traits that may mean *not* alexi?


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AuthorMessageTime
thornyrabbt
traits that may mean *not* alexi?
2017-04-19
It might be helpful to use a logical reversal to help figure out alexithymia:

what traits do alexi's NOT have, which would distinguish an alexi from a person who is simply disaffected due to some other psychological dysfunction or defense?
tiger91
2017-04-26
12:41
If they were always like that from early childhood then it's not due to trauma.
tiger91
2017-04-26
12:45
In my case, I always had a baseline alexithymic unemotionality, but then at a later age some extra "disaffectation" was piled on top of that. Most likely I was susceptible to that because of the baseline alexithymic trait I already had, making me unable to deal with the issue in any more direct way in terms of feelings. That's anyway something I've been trying to reverse but I'm also trying to increase awareness of feelings in general too, beyond resolving that specific issue.


This is what I mean by "disaffectation":

https://en.wikipedia.org/wiki/Disaffectation

"In coining the term McDougall hoped to indicate the behavior of people who had experienced overwhelming emotion that threatened to attack their sense of integrity and identity. Such individuals, unable to repress the ideas linked to emotional pain and equally unable to project these feelings delusively onto representations of other people, simply ejected them from consciousness by "pulverizing all trace of feeling, so that an experience which has caused emotional flooding is not recognized as such and therefore cannot be contemplated". They were not suffering from an inability to experience or express emotion, but from "an inability to contain and reflect over an excess of affective experience.""
tiger91
2017-04-26
12:50
I've read up on this but I'm still not entirely sure what repression of feelings means for people who do feel normally (if anyone knows what repression of feelings means, do please explain to me! All that psychoanalytic terminology hurts my head lol), but if it requires some ability to directly manipulate the feelings in some abstract way then nope I don't naturally have that.

The part on "unable to project these feelings delusively onto representations of other people", that I definitely recognize as very fitting me. Again, due to the lack of ability to maneuver with feelings as above. I have seen other people do this sort of projecting and it does require the person "owning" their feeling in a way I just do not do it by default and if I try, I have incredible difficulty with it on my own.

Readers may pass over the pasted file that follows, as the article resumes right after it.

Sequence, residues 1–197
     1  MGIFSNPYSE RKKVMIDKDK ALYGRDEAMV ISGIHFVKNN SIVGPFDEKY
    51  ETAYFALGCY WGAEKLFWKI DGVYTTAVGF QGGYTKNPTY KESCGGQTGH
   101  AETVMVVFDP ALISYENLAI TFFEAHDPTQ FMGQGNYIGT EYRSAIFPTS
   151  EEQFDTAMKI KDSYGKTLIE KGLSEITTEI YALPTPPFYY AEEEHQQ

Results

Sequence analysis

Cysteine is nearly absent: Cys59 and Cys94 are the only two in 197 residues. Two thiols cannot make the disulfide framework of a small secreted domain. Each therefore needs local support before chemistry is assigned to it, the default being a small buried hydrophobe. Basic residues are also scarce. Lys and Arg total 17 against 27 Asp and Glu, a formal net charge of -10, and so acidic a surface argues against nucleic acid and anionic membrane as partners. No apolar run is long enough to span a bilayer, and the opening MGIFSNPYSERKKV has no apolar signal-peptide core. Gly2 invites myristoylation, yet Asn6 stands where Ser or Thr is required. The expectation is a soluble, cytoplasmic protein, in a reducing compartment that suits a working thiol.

Yes, I have found some ways to possibly try and "own" them a little bit more but it requires a lot of practice and requires increasing affect tolerance as well along with increasing openness to feelings in general. You can't get these skills built up in one single day...
thornyrabbt
2017-04-27
22:41
Hi tiger91,
Not trying to shoot you down at all, just following your comment I thought I would do some research. I love getting deep in details.

I found a page that talks about trauma in relation to alexi. It says both scenarios happen and some genetic link is possibly involved. I also have heard from my therapist (I think? Don't remember specifically) that environmental factors do get encoded into genetics, maybe even as specific as emotional environment, which sounds likely to me. My grandma was bipolar and had panic attacks and phobias, my mom has ocd, migraines and has difficulty with "boundaries", my sister has panic attacks and migraines... are all 3 related because of reinforced habits (parenting), or genetics, or both, or are the recurring habits also shaping the genetics? Confusing but interesting.

Anyway here's the page I read. --> http://www.laurakkerr.com/2012/04/08/alexithymia/
Lots more there, very much worth reading the whole page -- but I'll quote the pertinent part

"Research conducted by Sabine Aust and her colleagues in Berlin (2012, citation below) showed alexithymia might also originate with early emotional neglect that is too mild to cause psychological disorders, nevertheless is enough to strain the flow and interpretation of feelings.

"Aust & colleagues saw greatest impairment when emotional neglect had occurred in childhood. But their study also showed some with alexithymia lack histories of emotional neglect. Furthermore, they confirmed alexithymic people with histories of emotional neglect could also be psychologically and physically healthy.

"What to make of these findings? They certainly suggest possible genetic precursors to alexithymia and the likelihood of it being a relatively isolated trait with limited impact. In contrast, alexithymia might also be described as the outcome of environmental conditions in a culture that habitually devalues emotional connections."